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Louisiana Sues Its Own Death Row Prisoners

Solitary Watch - The Louisiana Department of Public Safety and Corrections last Friday sued every inmate on death row, in an effort to block any one of them from challenging the state’s lethal injection procedures. Each of the 84 prisoners in the “death house” at Angola State Penitentiary was personally served papers in the suit, said Nick Trenticosta, who has represented numerous clients on Angola’s death row.

Trenticosta, who is also director of the non-profit Center for Equal Justice in New Orleans, knows of no other instance in which a state sued its death row inmates en masse over legal questions relating to their execution. “I’ve been hanging around death penalty cases for 25 years,” Trenticosta said in a phone interview this morning, “and I have never seen anything like this.”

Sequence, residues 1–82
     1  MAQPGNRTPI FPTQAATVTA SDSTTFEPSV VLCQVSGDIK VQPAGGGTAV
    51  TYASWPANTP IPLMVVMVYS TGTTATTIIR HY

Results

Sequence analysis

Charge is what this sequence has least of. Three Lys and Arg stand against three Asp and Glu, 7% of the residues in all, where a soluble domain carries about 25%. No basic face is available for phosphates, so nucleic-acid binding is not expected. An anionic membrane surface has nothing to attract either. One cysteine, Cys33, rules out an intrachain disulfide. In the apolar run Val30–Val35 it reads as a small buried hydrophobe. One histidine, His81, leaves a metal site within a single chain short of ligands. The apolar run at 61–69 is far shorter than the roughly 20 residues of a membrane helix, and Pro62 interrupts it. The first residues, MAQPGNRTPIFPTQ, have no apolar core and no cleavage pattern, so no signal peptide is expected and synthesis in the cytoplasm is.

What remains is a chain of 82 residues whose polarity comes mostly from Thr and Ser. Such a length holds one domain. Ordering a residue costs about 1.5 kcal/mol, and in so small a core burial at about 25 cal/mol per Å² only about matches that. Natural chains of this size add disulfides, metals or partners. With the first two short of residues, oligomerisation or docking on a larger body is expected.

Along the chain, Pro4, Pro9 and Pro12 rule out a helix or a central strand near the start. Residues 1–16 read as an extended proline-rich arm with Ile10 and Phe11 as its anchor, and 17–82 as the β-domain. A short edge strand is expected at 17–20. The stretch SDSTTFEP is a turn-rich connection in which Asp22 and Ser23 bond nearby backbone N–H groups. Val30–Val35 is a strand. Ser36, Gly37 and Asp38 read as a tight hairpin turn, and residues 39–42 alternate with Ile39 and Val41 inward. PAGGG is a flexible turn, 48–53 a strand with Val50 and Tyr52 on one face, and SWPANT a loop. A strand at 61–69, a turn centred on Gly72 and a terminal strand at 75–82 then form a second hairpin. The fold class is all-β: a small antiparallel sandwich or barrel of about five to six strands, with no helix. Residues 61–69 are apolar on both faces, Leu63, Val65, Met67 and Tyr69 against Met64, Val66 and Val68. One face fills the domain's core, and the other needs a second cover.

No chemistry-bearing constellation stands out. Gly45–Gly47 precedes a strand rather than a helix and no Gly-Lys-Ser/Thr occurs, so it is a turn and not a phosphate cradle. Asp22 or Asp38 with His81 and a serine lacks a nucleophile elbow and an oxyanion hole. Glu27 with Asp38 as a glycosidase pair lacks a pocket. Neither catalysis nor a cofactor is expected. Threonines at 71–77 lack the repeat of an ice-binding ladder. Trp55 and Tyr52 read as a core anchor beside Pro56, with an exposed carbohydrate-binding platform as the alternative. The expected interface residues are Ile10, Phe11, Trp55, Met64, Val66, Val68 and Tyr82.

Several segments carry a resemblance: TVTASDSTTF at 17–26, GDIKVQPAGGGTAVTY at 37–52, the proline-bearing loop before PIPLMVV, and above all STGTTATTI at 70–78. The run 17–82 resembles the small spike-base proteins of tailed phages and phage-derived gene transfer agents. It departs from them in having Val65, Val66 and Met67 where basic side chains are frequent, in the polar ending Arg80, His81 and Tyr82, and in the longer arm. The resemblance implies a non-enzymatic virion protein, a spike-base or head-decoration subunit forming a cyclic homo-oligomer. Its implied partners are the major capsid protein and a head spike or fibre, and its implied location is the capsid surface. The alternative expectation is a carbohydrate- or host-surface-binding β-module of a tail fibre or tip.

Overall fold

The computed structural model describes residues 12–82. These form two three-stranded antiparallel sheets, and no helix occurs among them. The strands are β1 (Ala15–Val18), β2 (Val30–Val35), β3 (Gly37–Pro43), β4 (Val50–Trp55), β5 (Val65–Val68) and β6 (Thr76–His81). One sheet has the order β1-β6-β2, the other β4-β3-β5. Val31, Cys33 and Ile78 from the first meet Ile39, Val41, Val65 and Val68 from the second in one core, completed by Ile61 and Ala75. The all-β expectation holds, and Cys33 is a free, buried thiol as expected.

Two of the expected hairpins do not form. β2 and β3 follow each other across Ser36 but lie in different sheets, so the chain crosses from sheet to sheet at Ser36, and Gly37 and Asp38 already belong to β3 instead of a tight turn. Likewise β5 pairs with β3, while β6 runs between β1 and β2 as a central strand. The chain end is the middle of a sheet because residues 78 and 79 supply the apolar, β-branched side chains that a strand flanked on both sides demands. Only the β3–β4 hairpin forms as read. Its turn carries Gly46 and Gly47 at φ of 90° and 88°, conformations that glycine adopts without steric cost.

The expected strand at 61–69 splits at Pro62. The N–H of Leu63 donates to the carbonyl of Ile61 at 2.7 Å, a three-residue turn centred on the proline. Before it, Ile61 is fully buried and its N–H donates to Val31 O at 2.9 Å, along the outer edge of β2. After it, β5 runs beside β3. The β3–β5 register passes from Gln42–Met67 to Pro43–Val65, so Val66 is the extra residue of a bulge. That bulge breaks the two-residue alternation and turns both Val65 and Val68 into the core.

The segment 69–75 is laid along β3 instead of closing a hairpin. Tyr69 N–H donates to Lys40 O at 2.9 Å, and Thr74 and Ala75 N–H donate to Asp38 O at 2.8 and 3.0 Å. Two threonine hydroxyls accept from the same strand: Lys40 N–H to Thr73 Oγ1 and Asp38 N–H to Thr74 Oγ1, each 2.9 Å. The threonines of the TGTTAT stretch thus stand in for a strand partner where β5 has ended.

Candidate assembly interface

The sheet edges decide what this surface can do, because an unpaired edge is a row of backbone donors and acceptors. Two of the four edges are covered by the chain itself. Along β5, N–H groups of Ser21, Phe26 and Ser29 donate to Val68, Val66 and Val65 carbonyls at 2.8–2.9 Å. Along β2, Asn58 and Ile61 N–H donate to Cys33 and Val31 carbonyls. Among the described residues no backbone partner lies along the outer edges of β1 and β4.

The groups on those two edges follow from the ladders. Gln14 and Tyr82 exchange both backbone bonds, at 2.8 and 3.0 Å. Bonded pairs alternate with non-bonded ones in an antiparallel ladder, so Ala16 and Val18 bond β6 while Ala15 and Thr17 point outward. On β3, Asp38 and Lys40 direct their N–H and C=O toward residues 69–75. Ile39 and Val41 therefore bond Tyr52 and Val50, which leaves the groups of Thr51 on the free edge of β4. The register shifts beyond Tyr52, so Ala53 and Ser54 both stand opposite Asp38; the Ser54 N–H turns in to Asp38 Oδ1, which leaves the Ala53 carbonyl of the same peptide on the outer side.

The Corrections Department’s litigation is a countersuit, filed in response to an earlier lawsuit claiming that Louisiana’s lethal injection procedure is in violation of state law. That suit was filed by the Capital Post Conviction Project of Louisiana (CPCPL) on behalf of death row prisoner Nathaniel Code. It stated that Louisiana had not met the requirements of its own Administrative Procedures Act in creating guidelines for execution by lethal injection. The state procedure ought to specify exactly what drugs should be used to kill prisoners, the CPCPL argued, rather than simply calling for the administration of drugs. Without such stipulations, Trenticosta said, “They’re saying if we want to pour boiling oil into your veins, we can do it.” Read more.

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